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User Reviews

There are no reviews for the Commodore 64 release of this game. You can use the links below to write your own review or read reviews for the other platforms of this game.

Our Users Say

Category Description User Score
Gameplay How well the game mechanics work (player controls, game action, interface, etc.) 2.6
Graphics The quality of the art, or the quality/speed of the drawing routines 2.6
Personal Slant How much you personally like the game, regardless of other attributes 3.0
Sound / Music The quality of the sound effects and/or music composition 2.6
Overall User Score (5 votes) 2.7

Critic Reviews

MobyRanks are listed below. You can read here for more information about MobyRank.
Each section takes longer than on other machines, possibly to offset the long wait when loading from tape. An adequate conversion but not as exciting as some of the others.
Commodore Format (May, 1991)
You won't exactly swoon over the technical brilliance of this cross between Chase HQ2 and Impossible Mission, but it's sufficiently playable to justify spending the dosh on this neat little drive 'n' blast.
Overall Technocop is a decent effort to be a good game but falls a bit short.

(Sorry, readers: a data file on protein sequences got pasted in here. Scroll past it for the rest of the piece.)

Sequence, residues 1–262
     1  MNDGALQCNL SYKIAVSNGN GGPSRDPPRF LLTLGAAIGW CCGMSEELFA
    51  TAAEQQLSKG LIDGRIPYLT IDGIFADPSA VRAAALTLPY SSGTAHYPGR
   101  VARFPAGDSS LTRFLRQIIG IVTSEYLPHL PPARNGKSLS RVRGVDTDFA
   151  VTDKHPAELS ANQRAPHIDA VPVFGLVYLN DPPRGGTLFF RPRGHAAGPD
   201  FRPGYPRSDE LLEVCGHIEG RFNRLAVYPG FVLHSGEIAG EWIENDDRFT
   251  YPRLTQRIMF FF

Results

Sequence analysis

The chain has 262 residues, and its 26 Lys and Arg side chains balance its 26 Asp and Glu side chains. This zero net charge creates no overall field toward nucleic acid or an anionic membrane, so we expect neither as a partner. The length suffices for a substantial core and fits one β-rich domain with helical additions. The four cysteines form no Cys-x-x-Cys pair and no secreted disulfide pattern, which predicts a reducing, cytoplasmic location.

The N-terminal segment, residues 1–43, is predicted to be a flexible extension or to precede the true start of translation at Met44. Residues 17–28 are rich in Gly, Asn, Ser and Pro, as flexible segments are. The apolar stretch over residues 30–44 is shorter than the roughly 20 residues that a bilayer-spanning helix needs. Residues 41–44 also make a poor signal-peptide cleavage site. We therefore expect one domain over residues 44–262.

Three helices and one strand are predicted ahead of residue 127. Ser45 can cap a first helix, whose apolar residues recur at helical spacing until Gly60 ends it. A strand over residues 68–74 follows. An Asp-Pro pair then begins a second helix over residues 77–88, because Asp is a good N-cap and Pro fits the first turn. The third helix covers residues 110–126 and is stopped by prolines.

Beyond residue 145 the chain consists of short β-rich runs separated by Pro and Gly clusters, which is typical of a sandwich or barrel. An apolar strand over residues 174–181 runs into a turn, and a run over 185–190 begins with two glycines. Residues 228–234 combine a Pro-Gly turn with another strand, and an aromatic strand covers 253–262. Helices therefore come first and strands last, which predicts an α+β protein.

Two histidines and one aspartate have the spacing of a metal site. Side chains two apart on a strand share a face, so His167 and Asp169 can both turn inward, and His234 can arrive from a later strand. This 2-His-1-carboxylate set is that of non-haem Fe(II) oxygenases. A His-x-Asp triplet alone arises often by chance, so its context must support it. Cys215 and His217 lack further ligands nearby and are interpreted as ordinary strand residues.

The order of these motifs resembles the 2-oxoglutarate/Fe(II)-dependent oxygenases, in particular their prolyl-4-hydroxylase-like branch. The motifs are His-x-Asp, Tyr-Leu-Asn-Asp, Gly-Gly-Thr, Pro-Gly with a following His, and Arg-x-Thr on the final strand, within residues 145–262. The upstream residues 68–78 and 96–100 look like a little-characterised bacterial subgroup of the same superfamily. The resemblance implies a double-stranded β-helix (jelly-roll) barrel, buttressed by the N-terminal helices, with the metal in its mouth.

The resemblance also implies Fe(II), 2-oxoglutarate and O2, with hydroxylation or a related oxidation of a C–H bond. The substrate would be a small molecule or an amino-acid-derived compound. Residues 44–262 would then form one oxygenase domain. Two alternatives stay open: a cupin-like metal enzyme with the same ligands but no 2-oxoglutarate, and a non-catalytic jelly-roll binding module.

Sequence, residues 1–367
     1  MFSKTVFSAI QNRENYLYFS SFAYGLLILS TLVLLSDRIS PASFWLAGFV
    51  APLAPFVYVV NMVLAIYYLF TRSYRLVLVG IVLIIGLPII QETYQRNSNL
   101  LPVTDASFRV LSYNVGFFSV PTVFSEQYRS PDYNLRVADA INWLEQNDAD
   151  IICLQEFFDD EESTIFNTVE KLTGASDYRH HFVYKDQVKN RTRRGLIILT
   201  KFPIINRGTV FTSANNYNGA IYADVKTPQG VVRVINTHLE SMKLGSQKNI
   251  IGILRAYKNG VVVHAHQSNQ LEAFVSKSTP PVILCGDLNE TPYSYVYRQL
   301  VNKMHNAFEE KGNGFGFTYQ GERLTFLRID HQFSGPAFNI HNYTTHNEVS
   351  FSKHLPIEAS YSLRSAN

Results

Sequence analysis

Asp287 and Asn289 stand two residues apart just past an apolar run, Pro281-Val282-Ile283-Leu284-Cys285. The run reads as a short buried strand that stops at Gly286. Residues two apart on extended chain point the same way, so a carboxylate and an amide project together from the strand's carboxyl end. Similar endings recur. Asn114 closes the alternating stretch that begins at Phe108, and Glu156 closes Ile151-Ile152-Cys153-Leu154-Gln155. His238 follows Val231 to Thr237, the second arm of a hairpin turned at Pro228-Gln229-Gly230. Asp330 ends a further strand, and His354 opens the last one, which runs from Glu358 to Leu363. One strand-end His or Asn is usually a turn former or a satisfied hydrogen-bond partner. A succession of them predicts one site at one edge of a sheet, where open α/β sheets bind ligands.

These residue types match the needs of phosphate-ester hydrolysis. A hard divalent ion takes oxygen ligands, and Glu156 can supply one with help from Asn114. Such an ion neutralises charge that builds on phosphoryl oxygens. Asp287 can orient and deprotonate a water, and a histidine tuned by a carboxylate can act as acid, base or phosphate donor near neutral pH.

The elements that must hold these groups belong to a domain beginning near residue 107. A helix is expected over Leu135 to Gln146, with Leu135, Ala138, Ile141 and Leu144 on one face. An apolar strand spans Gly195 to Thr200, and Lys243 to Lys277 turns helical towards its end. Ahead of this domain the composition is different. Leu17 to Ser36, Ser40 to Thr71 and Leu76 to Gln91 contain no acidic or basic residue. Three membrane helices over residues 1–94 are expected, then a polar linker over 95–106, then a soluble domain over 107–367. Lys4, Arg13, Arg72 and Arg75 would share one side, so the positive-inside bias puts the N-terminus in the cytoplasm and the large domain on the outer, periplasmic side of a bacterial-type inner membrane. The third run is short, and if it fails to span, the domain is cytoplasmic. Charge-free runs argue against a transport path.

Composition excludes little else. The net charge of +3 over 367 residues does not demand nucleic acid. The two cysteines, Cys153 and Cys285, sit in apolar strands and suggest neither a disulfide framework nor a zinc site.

Gerade die C-64-Umsetzung dieses einstigen ST-Actionspiels zeigt bei der Autojagd gravierende Schwächen, die die beiden schon erwähnten geistigen Väter noch bei weitem übertreffen. So ist das Fahrfeeling aufgrund des flackernden Interrupts und schlechtester Grafiken nicht gerade berauschend, der Sound (immerhin von Ben Daglish) und die Effekte sind mäßig. Einigermaßen spielbar sind nur die Killeraufträge, aber „Spaß“ oder sowas ähnliches kommt nicht auf.
Dubious road animation, blocky cars, trees, and explosions, attribute clash and enemy vehicles that split in half for no other reason than bad programming, weak sound and a tedious multi-load - that's it.
Zzap! (Mar, 1989)
He's all human, just plain gristle, flesh an' blood like you and me, but he acts like a machine. He spends most of his time gunning down people with a machine rifle, turning them into puddles of slimy gunge right in the middle of the floor so you can't get them off with Flash. He's big, he's got lots of guns and scientists have discovered that he has absolutely NO BRAIN. Well, whaddya expect?
The game offers some emotional release for those who feel little confidence in the current justice system. With no Miranda warnings, no police shooting review boards, and no lenient judges or parole boards, Techno Cop puts the player into the role of judge, jury, and executioner. Thankfully, due process keeps these scenarios firmly entrenched in make believe. In the fictional setting, however, the gratuitous violence of Techno Cop blows away most of the competition.